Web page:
One thing that sets Louisiana apart from anywhere else in the United States is our delicious food. We always have a reason to gather and eat! The food in Lake Charles/Southwest Louisiana is prepared by people who know what to do with the bounty that nature provides. But, if you’re visiting the area, you’ll probably see some “interesting” words and ingredients on the menu. Here’s a list of Cajun cooking words and their meaning to help you navigate your way through our menu or through this delectable cuisine.

Andouille (ahn-doo-wee) – A lean, spicy, smoked Cajun pork sausage that adds great flavor.

Bisque (bisk) – A rich, thick creamy soup made from seafood In Cajun country; it’s usually made with crawfish or shrimp.

Boudin (boo-dan) – A seasoned Cajun sausage traditionally made of pork, rice and spices.

Boudin on a Plate_small

Boulettes (boo-lets) – Ground seafood, usually fish, crawfish, or shrimp, mixed with seasonings and breadcrumbs, then deep-fried in oil.

The Cajun Trinity – The Holy Trinity of Cajun cooking includes celery, onions and bell pepper.

Cane Syrup – An essential ingredient in Louisiana Pecan Pie and lots of other favorite Southern dishes.

Cochon de Lait (coo-shon duh lay) – An event where a suckling pig is roasted over a blistering hickory fire until the inside is tender and juicy and the outside brittle as well-cooked bacon.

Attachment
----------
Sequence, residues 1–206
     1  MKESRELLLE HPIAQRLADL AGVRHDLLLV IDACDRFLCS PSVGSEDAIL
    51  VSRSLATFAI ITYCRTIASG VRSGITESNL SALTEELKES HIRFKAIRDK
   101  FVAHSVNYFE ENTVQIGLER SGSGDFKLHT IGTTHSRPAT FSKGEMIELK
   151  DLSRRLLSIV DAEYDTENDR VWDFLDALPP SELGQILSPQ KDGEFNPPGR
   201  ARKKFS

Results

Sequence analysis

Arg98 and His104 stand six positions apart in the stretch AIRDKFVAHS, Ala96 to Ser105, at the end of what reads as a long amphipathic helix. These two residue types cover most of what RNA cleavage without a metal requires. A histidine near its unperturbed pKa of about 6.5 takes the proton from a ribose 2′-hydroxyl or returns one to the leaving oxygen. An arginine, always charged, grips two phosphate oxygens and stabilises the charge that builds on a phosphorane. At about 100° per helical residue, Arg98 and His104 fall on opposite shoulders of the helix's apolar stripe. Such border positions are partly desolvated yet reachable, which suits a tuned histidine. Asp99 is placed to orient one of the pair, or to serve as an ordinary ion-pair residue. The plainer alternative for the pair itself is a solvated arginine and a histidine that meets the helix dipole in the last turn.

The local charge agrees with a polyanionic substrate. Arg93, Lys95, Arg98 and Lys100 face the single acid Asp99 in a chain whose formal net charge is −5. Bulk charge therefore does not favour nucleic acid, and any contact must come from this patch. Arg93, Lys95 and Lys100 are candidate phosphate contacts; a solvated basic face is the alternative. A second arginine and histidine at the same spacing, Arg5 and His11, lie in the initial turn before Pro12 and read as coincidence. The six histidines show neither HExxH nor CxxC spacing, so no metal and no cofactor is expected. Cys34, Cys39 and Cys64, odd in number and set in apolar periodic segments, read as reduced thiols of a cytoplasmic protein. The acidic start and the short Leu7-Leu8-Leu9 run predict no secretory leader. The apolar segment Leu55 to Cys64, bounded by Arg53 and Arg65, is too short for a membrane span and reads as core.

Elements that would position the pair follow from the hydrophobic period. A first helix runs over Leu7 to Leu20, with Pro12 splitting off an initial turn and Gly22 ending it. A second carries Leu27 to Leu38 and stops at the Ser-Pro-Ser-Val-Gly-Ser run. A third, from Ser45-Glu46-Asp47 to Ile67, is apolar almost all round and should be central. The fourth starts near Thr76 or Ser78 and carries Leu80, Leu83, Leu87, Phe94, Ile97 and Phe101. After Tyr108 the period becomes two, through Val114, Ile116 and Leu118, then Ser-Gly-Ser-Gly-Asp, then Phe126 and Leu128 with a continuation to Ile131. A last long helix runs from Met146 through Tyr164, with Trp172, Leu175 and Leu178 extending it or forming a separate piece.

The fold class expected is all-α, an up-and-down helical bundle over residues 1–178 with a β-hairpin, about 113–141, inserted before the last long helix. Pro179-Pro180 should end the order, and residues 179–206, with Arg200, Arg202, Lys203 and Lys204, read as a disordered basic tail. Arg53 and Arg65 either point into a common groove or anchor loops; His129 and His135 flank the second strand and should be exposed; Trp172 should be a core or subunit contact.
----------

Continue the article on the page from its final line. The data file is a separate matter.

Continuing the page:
Cous-Cous or Couche-Couche (koosh-koosh) – A popular Cajun breakfast food made by frying cornmeal and topping it with milk, coffee milk or cane syrup.


Courtbouillon (coo-boo-yon) – A spicy Louisiana stew made with fish, tomatoes, onions and vegetables, and typically thickened with roux.

Catfish Courtbouillon
(Photo: Acadiana Table)

Filé (fee-lay) – Ground sassafras leaves used to thicken and flavor gumbo.

Fricassee (free-kay-say) – A thick Cajun stew made with roux and any type of meat.

Grillades (GREE yads) – Beef or veal round steak, browned, and simmered until tender in browned tomato sauce served over grits.

Maque Choux (mock shoe) – A Cajun dish of smothered corn, tomatoes, onions and peppers. Sometimes shrimp or crawfish are added to make a main dish.

Pain Perdu (pan-per-doo) – Literally, “Lost Bread,” referring to the stale bread that would otherwise be thrown out, also known as French toast.

Pistolette (pistol-let) – A small French bread that is cut and the middle scooped out so that it can be filled with a delicious Cajun favorite, such as crawfish étouffée.

(Steamboat Bill's stuffed pistolettes; Photo: Culinary Traveler)

Sauce Piquante (sos pee-kawnt) – A thick, sharp flavored sauce made with roux and tomatoes, highly seasoned with herbs and peppers, simmered for hours.

Turducken – A unique “Cajun Bird” created when a turkey is stuffed with a duck which is stuffed with a chicken. And it’s also stuffed with lots of Cajun dressings and seasonings.

Yam – A sweet potato-like vegetable, but usually sweeter.


Now that you know some Cajun cooking terms, it’s time to get to the kitchen and get to work! To get some ideas, check out our Cajun recipes from local restaurants here. Share your culinary creation by taking a photo and tagging it with #EatSWLA or #VisitLakeCharles!

To learn more Cajun cooking words, visit